“You have not strengthened the weak, you have not healed the sick, you have not bound up the injured, you have not brought back the strayed, you have not sought the lost, but with force and harshness you have ruled them.” Ezekiel 34:4
Jesus clearly draws on a shared knowledge of this prophecy to confront those who challenged him. They know that the prophecy continues, saying that God himself will search for the sheep, as Jesus searched for the one who can now see. God will gather those who are lost and scattered, and will feed them with good pasture. God will be their shepherd, will bind up the injured, will strengthen the weak. They will be fed with justice. And Jesus claims this role, the role of the good shepherd, for himself.
When we can be cared for by God, the power and importance of human leaders – tyrants, emperors, Pharisees – is hugely diminished. And it sets a high bar for those human leaders, those who would be a shepherd of a flock. That nourishing, self-giving, gentle leading of the good shepherd is our standard.
Can we follow this shepherd, and learn to nurture in our turn?
So, we turn, briefly, to the gate.
There is a twofold task that Jesus undertakes for us. One is to keep us safe, to be the gate. The other is to lead us out. …… The shepherd would lie across the gap in the circular sheepfold at night, protecting the sheep both from wild animals and sheep-rustlers. Jesus keeps the sheep safe……..
We need safety and refuge. We need sanctuary. We need to lie down and sleep in safety. And then, as the shepherd gets to his feet and calls us out of the fold, we need to continue to find our safety in the presence of the shepherd as we step out into the new light of morning.
If God made the world, and all things hold together in Christ, we know that the shepherd knows what he is doing when he leads us out. He knows all about the dark valley, and will not abandon us there, but it is not all dark valley. It is also green pasture, flowing water and the kingdom coming on earth as in heaven. Abundant life is such a marvellous promise……
Reflection and Response
Take some time to look at the picture through the doorway above, and to reflect on on Jesus being a gate, or a door. Sit quietly, and open your heart and mind in prayer.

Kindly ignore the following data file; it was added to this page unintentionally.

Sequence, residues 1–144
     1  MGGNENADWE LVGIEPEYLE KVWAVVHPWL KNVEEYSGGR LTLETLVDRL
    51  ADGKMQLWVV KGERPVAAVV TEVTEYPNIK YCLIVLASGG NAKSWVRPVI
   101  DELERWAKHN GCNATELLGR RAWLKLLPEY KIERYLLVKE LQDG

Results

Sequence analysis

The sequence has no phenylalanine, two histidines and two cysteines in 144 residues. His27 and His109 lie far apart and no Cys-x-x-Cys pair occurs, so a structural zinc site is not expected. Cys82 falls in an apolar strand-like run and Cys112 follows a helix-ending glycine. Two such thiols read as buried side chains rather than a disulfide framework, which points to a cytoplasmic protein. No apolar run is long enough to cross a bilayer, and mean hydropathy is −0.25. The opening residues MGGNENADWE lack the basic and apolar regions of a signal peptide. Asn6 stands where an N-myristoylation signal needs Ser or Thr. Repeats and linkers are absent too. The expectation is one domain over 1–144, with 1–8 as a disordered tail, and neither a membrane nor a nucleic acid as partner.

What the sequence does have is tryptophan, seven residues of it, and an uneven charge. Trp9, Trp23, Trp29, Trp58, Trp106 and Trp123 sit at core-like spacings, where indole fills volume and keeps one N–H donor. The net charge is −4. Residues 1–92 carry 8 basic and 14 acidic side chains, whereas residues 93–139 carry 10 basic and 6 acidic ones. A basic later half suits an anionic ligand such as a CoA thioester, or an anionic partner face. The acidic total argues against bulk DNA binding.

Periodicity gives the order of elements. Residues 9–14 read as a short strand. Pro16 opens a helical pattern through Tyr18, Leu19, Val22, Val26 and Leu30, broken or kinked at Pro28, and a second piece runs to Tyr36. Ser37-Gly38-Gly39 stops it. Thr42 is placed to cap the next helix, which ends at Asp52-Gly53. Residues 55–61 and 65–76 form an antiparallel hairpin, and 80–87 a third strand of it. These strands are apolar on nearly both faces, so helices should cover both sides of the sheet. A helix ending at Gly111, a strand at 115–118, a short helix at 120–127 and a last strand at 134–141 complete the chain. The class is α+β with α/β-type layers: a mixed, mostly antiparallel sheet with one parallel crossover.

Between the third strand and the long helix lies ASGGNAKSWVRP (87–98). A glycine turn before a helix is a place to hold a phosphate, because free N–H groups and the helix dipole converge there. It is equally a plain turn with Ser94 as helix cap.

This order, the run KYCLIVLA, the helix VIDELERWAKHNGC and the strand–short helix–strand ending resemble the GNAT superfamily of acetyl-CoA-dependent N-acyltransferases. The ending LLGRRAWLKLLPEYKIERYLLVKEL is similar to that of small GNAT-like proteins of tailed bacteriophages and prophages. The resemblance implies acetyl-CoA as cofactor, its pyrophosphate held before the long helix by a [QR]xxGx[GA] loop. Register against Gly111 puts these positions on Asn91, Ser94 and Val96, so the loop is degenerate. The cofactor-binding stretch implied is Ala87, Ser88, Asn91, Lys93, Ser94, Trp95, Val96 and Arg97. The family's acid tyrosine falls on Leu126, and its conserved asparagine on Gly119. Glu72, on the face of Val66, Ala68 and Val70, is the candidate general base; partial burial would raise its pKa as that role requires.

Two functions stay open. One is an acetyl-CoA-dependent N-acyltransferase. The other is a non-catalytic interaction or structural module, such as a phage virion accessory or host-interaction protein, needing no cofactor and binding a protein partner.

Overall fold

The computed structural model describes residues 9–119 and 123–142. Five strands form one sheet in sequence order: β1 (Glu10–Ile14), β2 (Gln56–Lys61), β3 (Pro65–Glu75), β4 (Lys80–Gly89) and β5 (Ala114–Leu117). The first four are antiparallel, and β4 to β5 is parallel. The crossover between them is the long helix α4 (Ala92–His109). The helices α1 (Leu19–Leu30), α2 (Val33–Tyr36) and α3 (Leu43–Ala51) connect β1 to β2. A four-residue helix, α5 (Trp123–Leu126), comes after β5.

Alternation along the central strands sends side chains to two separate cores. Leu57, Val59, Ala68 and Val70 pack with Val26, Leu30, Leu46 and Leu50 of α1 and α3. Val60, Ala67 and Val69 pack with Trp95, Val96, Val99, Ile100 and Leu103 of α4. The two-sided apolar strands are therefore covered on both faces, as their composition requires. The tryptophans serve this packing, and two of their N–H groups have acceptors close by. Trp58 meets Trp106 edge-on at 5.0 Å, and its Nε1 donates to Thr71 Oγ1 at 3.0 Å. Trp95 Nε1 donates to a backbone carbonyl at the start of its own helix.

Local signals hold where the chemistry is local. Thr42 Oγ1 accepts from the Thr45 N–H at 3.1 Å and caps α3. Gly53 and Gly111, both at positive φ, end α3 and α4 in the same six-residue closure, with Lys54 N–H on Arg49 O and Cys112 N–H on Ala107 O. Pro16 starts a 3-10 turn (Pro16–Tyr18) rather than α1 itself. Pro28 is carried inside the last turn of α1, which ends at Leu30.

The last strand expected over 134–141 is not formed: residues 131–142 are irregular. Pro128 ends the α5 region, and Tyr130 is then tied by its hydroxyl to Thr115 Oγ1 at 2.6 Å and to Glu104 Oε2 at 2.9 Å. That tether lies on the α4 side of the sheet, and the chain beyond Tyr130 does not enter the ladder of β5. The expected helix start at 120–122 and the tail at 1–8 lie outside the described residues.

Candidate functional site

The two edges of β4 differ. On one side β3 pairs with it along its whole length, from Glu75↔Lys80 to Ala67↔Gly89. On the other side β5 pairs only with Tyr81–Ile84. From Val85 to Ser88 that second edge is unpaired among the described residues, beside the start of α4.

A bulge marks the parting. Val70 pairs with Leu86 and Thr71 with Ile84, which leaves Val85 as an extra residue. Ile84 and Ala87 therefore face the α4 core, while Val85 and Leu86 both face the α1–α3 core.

What catches your attention?
How do you feel when you look at it?
Does it remind you of anything?
Can you imagine yourself walking through that landscape?
As you go out and about in your ordinary days, or as you feel drawn to a new adventure in life and faith, what does it mean to listen out for the voice of the shepherd, and to follow the Good Shepherd? Where may he be leading you?
How comfortable can you be with not being sure about that?
Take time to commit your days and your ways to following.
Prayer for the beginning of the day:
Good Shepherd, you know what lies before me today.
Help me to hear your voice, and remain close to you.
Guide me beside still waters, keep me at peace.
Nourish me with your presence, let me have enough to give.
Let me follow you this day, and always.
Prayer during the day:
Good Shepherd, let me see you ahead of me,
and know which way to go.
Write down ways in which you have some leadership and/or influence with others. Each of our lives touches others; we all make ripples in our ponds.
Ask God to help you learn to be a good shepherd in these situations, and to follow the good shepherd.
Write down any action or insight that comes to you. Resolve to follow it this week.
Remember a time when you felt really listened to, and a time when you did not. What was the impact of both occasions? Resolve to be a more attentive listener this week. Give your full attention to whoever is talking to you. Seek to understand them, really hear them, rather than putting your own point of view across.
A link to Malcolm Guite’s sonnet on the gate
If you’d like a copy of the book, you can ask your local bookshop, or order online.
Here are a few suggestions:
The publishers, BRF